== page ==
(Psssst...Click here to read Week 1 if you haven't already!) Just like your favorite cocktail, a blog post has a recipe (of sorts). And also like your favorite cocktail, it’s definitely not set in stone. You can add and omit ingredients as you see fit, and adjust ratios as needed based on what works for you and your palate. This is the makeup of a blog post (not necessarily in this order):
- Relevant links
- Call To Action
A blog post title is sort of like the name of the drink - without it, people will have no idea what’s in it. As a matter of fact, Google uses it to verify whether it matches your content. Humans want it as the summary of what yummy info they are going to be reading. The more compelling you can make the title of your blog post, the more interested people will be in reading it.
Keep in mind though, the title also needs to be relevant as to what content is included within it. Otherwise it’d be like calling a drink a White Russian when really the ingredients are Jack and Coke. It’s misleading; anyone who orders that would be disappointed because they weren’t getting what they thought they were.
Same with blog posts: if you’re going to title the post “How to Prepare for An Engagement Session,” it better contain info about how to prepare for an engagement session. (Though maybe a more compelling title would be, ‘What you should never do before an engagement session.’) You can find more info and tips here about how to title your blog post to help boost web traffic.
This is the info that’s contained within the post, and for the purposes of this post I’ll consider ‘content’ to be any written parts of the blog post. Technically, you don’t have to have any written content for your blog posts, you could do a blog post with just images.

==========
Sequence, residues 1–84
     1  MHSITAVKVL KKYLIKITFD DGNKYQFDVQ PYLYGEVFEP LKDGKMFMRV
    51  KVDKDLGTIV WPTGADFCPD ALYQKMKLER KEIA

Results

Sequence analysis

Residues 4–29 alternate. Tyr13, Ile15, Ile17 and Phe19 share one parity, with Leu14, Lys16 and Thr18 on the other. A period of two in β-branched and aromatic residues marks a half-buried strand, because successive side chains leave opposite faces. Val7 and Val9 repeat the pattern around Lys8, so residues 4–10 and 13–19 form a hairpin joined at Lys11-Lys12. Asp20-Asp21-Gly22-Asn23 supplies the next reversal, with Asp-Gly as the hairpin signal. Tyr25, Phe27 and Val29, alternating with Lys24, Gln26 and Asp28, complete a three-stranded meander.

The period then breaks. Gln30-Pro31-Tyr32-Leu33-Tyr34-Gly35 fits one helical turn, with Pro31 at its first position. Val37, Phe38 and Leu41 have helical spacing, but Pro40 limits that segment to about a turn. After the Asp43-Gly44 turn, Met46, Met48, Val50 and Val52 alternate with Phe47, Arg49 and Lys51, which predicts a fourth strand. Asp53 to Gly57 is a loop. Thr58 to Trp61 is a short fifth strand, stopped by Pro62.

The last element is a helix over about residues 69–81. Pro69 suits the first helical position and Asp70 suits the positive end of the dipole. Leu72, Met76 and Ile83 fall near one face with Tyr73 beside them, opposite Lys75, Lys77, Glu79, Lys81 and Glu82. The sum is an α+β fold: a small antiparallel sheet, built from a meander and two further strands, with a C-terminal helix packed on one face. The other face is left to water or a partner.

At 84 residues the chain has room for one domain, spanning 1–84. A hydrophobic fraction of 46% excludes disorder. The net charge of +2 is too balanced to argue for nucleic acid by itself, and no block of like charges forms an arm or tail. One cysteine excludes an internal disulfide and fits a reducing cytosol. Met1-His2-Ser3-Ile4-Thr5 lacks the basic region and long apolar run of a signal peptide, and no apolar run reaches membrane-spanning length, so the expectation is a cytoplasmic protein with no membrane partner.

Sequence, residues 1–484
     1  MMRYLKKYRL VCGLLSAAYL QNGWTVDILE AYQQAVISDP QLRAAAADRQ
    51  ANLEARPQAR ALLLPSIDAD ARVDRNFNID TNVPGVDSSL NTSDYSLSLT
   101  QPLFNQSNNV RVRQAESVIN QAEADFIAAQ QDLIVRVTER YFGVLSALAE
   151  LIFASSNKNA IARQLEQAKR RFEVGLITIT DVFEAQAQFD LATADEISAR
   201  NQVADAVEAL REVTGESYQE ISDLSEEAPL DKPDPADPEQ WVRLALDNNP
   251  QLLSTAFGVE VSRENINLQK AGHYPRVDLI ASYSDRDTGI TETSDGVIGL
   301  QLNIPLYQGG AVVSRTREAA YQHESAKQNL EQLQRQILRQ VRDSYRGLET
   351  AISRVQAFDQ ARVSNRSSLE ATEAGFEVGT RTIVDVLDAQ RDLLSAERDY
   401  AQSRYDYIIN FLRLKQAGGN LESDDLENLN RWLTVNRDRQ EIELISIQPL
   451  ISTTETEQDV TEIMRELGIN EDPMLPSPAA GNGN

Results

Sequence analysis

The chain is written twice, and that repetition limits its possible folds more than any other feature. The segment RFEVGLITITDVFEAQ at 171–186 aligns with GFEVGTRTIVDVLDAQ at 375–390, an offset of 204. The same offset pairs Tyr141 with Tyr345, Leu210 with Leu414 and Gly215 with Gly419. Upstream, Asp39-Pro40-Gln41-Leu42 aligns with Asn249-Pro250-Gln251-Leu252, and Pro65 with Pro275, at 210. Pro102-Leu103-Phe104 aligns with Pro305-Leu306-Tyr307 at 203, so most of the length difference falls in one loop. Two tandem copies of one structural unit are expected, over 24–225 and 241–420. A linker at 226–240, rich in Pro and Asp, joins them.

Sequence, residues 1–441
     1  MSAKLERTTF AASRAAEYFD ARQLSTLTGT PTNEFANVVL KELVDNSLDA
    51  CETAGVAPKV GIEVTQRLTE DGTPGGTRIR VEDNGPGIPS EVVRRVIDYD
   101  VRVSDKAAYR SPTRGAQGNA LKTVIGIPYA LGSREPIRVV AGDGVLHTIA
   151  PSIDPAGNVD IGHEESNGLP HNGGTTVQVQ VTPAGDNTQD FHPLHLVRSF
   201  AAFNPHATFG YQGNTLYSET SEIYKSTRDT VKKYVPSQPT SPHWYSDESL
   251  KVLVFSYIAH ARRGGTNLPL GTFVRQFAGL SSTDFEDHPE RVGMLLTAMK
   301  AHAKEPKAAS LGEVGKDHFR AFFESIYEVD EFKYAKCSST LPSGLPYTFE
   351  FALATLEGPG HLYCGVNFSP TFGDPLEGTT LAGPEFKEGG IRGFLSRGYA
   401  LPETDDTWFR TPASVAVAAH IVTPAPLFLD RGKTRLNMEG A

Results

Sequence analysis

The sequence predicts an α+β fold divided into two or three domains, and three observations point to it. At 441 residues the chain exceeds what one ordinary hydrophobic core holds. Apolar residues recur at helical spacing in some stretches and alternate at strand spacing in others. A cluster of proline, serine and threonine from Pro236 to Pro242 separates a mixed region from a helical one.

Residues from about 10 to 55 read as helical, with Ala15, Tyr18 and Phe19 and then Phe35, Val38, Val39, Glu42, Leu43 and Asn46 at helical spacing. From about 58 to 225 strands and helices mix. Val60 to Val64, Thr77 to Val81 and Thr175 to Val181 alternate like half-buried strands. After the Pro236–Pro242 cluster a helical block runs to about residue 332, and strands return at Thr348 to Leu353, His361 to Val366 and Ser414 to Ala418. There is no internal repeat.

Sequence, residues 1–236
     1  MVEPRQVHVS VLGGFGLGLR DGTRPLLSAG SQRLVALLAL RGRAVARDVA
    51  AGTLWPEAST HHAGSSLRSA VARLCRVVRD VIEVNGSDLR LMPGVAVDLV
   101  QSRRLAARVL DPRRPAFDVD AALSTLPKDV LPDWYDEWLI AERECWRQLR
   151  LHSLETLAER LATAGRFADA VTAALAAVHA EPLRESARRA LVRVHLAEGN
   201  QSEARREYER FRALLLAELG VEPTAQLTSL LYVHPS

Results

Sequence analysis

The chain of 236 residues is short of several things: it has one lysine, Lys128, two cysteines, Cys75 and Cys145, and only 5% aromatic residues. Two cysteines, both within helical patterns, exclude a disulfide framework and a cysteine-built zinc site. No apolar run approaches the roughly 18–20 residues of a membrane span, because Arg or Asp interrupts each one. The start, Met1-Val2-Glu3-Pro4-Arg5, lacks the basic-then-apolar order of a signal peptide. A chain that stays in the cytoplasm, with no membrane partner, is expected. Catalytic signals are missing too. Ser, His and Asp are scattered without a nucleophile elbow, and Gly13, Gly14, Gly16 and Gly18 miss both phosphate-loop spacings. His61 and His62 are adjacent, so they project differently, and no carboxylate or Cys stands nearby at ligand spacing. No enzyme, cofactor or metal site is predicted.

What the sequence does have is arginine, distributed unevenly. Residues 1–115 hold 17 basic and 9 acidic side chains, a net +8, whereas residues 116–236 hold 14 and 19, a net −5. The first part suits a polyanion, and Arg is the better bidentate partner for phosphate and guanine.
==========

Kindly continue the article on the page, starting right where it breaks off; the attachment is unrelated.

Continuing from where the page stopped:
But that’d be sort of like having a Bloody Mary but omitting the pickle, celery, cheese, beef jerky, and olives. It just…wouldn’t really be the same, and the blog post wouldn’t really work to its full potential.
This is because of SEO. The more content you have in your blog post, the better time Google has of understanding what the blog post is about.
As a result, Google will be more likely to show your blog post in search results when someone searches for information related to what’s in your blog post. Ideally, it’s good to have at least 300 words of content with any blog post. More is better too if you can manage it. If you can’t think of what to write about, think about telling a story about something that happened during the day of the session or wedding.
Maybe it was something funny that happened, or something really touching, or talking about the personality of one of your clients; whatever it is, really try to hit that 300 word count.
Images are another key piece of what makes up a good blog post. Like written content though, you can technically have a blog post without any images. Technically. But again, it’s like having a Bloody Mary without all the trimmings - just boring and dull. And that’s what everyone will think about your blog post if it doesn’t have any images in it. (Well, most likely anyway.)
Images are a great way to break up the text in a blog post, and gives your readers a few seconds of mental break between sections. And when they’re done right, images are also good for SEO. They’re also a great way to showcase your most recent and best work. For the sake of SEO, all images must include an ALT Tag! This tag represents many things but for Google it tells them what the photo is about.
I like to have my alt tags as the name of my blog post so that when someone pins it, the description is filled out properly for them. There's more to SEO than this, but we'll get to that in week 4.
When you're selecting images for your blog post, keep in mind that you'll want one that's formatted and sized correctly so it displays well as the 'featured image' of your blog post. The featured image is the thumbnail image that's shown on your main blog page with/above/next to the title of the blog post. It usually also displays at the top of the blog post article as well, though some website themes allow you to check a box which won't display the featured image at the top of the blog post (but will still show the image on your main blog page).